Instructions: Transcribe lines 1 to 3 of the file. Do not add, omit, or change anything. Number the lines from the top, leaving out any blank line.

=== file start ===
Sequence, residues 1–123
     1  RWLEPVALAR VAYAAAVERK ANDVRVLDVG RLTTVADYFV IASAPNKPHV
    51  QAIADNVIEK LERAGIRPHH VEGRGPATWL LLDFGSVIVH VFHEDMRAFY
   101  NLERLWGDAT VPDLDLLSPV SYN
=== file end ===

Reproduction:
Sequence, residues 1–123
     1  RWLEPVALAR VAYAAAVERK ANDVRVLDVG RLTTVADYFV IASAPNKPHV
    51  QAIADNVIEK LERAGIRPHH VEGRGPATWL LLDFGSVIVH VFHEDMRAFY